The Falmouth port from our ship:
The town of Falmouth, on the other hand, was a prosperous shipping port during the late 1700s and early 1800s*, but is now very impoverished and rundown. Most of the historical buildings that were described as "tourist attractions" in the cruise brochure are in fact quite badly decayed and in need of significant repair work.
One of the historical buildings adjacent to the port, with renovations underway:
One of the rundown houses that were common in Falmouth:
Given that this was our first cruise, my Mom and I decided to participate in planned excursions rather than trying to venture off on our own at the ports. In Falmouth, we went on an excursion that took us first to the Rose Hall Plantation and then to Doctor's Cave beach for some relaxation. The plantation was beautiful, and we had an outstanding tour guide who brought to life the history of the slaves who worked the plantation and the masters who ran it. It was a great site to visit, although unsettling to think of the history behind it.
The front of Rose Hall:
A view of the grounds of Rose Hall from inside:
After visiting the plantation, we headed to the city of Montego Bay, where we were supposed to have a tour of the city and of Sam Sharpe Square, neither of which happened. Instead, we were all herded inside a souvenir shop, where we were forced to spend 20 minutes looking at "Jamaica" t-shirts and baseball caps with fake dreadlocks hanging from them. To say that my Mom and I were unimpressed would be an understatement. After the forced shopping, we were taken to Doctor's Cave beach, which is a small, private beach inside the city. I was still feeling a bit crotchety from our unexpected shopping excursion, but even I can be won over by the crystal clear waters of the Caribbean. Ahhh.
There was also jerk pork (shown here) and chicken (my Mom's lunch, not shown) to appease me:
Following our stop on the beach, we headed back to Falmouth, where we had a few hours to explore on our own before getting back on the ship. Immediately beyond the port area were streets filled with stalls, where the vendors called out to us to try to get us to buy more mass-produced souvenirs.
I suspect my Mom would've been happy to stop at that point, but I have an irrational love for old, decaying buildings, so I forced her to go further into the town to see what else was there. Using a historical map, we found our way to a few of the historical buildings, which were in varying states of disrepair.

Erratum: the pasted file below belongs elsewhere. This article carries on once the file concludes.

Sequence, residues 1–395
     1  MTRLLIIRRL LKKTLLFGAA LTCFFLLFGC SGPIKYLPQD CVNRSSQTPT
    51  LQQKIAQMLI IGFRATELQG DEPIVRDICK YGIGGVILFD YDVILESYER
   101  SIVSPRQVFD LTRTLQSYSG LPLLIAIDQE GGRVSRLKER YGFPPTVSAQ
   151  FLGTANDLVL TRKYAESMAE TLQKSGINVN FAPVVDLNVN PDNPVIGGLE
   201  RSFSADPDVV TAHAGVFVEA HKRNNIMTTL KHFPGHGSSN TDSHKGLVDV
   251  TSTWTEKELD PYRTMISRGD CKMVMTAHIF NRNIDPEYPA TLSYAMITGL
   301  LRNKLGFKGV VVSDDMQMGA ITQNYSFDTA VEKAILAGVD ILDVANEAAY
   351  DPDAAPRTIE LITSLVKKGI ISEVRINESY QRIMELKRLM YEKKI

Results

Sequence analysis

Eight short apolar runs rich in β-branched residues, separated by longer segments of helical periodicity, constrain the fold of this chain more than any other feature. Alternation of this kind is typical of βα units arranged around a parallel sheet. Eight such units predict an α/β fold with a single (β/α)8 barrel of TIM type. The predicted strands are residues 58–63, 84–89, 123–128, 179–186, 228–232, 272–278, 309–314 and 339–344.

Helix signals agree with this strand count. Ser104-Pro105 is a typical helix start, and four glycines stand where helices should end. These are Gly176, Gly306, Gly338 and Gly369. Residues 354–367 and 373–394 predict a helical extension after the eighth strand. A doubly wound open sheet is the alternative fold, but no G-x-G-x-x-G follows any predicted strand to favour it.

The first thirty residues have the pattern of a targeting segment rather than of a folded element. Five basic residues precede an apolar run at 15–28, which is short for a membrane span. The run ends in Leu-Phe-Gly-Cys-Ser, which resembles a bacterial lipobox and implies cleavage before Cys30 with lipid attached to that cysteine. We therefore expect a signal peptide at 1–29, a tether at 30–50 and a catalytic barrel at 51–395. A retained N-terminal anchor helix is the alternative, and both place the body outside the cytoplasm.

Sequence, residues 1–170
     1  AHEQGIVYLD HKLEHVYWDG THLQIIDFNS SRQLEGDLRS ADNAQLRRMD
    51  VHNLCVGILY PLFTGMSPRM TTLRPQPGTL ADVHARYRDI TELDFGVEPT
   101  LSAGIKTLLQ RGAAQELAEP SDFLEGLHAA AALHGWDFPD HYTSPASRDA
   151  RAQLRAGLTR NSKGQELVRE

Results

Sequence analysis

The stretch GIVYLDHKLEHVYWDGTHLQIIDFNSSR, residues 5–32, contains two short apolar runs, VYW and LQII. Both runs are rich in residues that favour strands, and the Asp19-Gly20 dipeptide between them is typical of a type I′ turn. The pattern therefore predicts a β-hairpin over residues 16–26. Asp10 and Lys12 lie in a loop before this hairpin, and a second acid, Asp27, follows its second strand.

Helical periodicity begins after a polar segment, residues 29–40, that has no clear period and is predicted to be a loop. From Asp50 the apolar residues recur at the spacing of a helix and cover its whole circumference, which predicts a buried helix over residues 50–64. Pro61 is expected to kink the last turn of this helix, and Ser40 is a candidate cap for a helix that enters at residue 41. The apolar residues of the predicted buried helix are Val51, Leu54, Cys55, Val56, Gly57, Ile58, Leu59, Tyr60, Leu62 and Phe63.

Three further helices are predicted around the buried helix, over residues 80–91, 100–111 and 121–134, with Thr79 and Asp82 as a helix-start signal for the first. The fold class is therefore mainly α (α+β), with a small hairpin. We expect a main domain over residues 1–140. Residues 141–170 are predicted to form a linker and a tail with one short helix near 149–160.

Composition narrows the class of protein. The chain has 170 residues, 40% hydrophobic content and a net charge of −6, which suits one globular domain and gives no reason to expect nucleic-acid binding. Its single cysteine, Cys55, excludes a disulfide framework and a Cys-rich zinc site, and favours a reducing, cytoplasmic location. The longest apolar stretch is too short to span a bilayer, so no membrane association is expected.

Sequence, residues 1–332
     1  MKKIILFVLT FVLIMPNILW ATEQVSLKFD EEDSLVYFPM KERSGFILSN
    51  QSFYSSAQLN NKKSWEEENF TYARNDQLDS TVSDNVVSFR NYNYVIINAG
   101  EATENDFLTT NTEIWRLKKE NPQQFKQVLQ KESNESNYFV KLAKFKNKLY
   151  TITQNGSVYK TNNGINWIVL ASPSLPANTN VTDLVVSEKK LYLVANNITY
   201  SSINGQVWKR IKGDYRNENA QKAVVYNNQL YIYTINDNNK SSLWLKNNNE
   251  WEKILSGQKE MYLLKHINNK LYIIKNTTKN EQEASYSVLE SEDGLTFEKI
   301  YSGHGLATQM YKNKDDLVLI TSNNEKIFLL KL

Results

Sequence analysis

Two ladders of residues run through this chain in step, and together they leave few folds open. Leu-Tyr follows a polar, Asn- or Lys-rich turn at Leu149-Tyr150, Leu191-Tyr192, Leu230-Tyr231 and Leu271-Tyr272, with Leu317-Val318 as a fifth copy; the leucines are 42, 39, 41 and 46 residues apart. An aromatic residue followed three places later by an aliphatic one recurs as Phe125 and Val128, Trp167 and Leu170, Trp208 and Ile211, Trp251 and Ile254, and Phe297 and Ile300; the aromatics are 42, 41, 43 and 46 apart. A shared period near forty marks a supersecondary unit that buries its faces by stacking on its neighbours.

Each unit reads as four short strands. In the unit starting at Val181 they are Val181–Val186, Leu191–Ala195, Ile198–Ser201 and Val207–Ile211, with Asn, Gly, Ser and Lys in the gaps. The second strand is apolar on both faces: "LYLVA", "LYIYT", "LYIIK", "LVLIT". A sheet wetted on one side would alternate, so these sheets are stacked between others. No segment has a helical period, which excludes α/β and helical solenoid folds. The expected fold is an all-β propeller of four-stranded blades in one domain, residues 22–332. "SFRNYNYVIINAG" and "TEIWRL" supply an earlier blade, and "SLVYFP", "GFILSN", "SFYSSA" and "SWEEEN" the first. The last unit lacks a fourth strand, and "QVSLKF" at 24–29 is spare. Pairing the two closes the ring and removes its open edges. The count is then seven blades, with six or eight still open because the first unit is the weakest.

I had expected to find the town filled with tourists from the cruise ship, but in our time outside of the port shops I saw only two other people who didn't look like locals. Unfortunately, this meant that we attracted a lot of attention from the inhabitants of Falmouth, and we were constantly shadowed by schoolkids who wanted us to take their pictures or who wanted to guide us through the town in exchange for money. While I've dealt with this kind of attention in other places (Havana, Cuba being the first the comes to mind), this was the first time that it's happened when I haven't been surrounded by throngs of other tourists, and I actually felt pretty uncomfortable. My Mom was downright petrified, so we headed back to the ship before I'd gotten my fill of taking pictures. (If it's ever possible for me to get my fill of taking pictures.)
All in all, our visit to Falmouth was okay, although I was disappointed that we didn't get to see more on our excursion or of the town itself. I wish that I knew someone who lived in Jamaica, as I would love to see more of the country from a local's eye.
* A brochure on Falmouth that was handed out to the cruise ship passengers describes the period from 1780 to 1830 as Jamaica's "golden age", despite the fact that the country's economic prosperity was based on a sugar industry that was dependent on slave labour. Can we please, as a society, agree to never refer to a period of time in which human beings were tortured and enslaved as a "golden age"?